He doesn’t see a reason to get divorced

Hey all, just a note for mobile users (I know there are more of you now): Love Letters is easy to find on the Boston.com app, which you can get on iTunes and Google Play. It's nice there. Carry on.

I met a man seven months ago. We're both in our 70s. He told me immediately that he has been separated from his wife for 10 years and has had one other relationship since. He wanted to be totally honest with me. On several occasions he has invited me to family events that included his "wife," who is completely aware of our relationship. FYI: She has lived very far away since they have been separated.

He tells me all the time that he's in love with me, I'm perfect for him, and that he wants to move in with me. His whole family embraces me with such friendliness whenever we get together, even when the "wife" is present. He says no one holds anything against me or says anything negative about our relationship. His grown children appear to be very comfortable with the situation.

He has told me he sees no reason to get a divorce. I'm not clear on why, although it appears to me that he just doesn't want to pay for an attorney and go through the process when it doesn't matter to him. I'm traditional and feel odd about it. So do my own children. My son has said that I am in an adulterous affair.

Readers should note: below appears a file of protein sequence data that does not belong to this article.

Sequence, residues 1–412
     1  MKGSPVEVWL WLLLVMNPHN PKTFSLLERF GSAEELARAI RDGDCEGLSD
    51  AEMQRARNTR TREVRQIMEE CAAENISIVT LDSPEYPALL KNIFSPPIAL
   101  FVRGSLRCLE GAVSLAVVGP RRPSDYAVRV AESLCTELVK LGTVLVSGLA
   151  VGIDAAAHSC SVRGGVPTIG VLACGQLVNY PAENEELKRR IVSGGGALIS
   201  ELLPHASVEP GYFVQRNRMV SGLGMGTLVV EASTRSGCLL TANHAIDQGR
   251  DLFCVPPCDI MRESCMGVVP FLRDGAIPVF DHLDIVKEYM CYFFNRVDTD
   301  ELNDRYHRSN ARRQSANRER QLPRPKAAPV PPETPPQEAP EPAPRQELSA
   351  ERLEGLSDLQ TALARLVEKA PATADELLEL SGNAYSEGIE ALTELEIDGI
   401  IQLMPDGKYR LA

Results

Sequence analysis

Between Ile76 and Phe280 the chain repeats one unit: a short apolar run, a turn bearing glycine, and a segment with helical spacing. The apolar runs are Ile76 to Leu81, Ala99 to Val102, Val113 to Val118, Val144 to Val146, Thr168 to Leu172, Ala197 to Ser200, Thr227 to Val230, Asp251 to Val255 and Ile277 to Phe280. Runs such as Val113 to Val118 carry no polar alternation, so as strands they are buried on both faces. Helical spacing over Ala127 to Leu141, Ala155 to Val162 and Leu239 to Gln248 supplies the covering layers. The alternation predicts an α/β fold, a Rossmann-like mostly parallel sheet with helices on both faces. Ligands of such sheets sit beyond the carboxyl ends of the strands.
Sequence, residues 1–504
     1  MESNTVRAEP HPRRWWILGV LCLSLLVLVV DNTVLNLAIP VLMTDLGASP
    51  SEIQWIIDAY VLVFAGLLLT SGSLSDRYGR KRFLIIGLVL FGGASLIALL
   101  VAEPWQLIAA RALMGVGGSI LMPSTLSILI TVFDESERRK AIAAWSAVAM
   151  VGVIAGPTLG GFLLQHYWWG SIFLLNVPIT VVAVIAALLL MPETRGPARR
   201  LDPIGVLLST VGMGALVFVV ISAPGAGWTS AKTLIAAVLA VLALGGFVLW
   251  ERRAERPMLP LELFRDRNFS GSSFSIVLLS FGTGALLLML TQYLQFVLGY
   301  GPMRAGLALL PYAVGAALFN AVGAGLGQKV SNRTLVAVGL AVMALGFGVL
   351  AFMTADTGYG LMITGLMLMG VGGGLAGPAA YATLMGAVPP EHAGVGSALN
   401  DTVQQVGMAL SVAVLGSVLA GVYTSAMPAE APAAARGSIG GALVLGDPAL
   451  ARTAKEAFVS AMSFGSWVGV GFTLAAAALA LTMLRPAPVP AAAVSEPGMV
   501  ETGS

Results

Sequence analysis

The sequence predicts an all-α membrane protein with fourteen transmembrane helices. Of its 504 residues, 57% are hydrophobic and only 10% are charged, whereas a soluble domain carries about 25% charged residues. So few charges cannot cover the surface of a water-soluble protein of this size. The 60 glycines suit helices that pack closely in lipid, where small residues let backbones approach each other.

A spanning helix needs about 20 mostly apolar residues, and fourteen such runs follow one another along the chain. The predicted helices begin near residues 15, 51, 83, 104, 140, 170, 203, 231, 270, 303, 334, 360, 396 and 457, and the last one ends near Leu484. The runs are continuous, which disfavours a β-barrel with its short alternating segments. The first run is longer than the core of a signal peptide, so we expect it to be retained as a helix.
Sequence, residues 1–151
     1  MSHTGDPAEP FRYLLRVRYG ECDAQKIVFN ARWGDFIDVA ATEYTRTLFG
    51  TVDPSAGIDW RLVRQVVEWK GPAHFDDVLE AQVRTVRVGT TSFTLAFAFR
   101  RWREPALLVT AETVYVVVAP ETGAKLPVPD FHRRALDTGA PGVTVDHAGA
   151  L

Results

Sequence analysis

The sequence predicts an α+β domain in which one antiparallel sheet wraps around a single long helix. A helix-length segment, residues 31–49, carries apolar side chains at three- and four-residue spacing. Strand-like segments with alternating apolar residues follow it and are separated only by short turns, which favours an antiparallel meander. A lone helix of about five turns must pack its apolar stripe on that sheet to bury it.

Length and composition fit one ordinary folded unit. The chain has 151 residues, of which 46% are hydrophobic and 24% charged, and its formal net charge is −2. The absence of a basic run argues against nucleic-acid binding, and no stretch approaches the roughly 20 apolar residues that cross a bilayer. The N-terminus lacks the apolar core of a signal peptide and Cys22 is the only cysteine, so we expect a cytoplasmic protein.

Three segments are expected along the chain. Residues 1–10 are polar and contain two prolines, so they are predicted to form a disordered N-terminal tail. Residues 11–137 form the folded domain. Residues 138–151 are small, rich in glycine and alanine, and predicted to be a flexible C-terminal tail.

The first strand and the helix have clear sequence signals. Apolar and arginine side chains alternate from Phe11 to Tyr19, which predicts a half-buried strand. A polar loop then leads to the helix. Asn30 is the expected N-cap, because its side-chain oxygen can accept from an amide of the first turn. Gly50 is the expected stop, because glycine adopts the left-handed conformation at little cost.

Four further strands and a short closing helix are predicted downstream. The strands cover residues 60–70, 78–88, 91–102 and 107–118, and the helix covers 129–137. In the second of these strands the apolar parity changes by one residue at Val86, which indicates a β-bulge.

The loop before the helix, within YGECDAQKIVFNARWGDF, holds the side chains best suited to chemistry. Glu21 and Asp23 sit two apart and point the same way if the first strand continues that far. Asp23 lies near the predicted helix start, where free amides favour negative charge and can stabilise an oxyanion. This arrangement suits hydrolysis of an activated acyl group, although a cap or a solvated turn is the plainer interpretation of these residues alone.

I love this man and he makes me very happy. I'm not sure I would ever marry again anyway, but should I continue to see him? Or give him an ultimatum?

– He's still married


No ultimatums, please. And tell your son to back off. There are no secrets here – you've even met this man's wife. Your son should be more concerned with your happiness than the divorce paperwork.

You should continue to see this man because you love each other, and that's fantastic. But it is time to have a talk with him about why his marital status makes you feel weird. Maybe your discomfort will inspire him get a divorce. It's possible that he's never had a strong reason to consider it.

Overall, this man's arrangement doesn't raise any big red flags, but everything changes if you decide to move in together. If you're sharing a home, you need to understand the finances and feel like the primary partner. You have to be comfortable doing things like getting the mail (I assume it's still addressed to his wife).

Have a discussion about how living together would work, and how his marriage might affect that next big step.

– Meredith

Readers? Is this arrangement OK?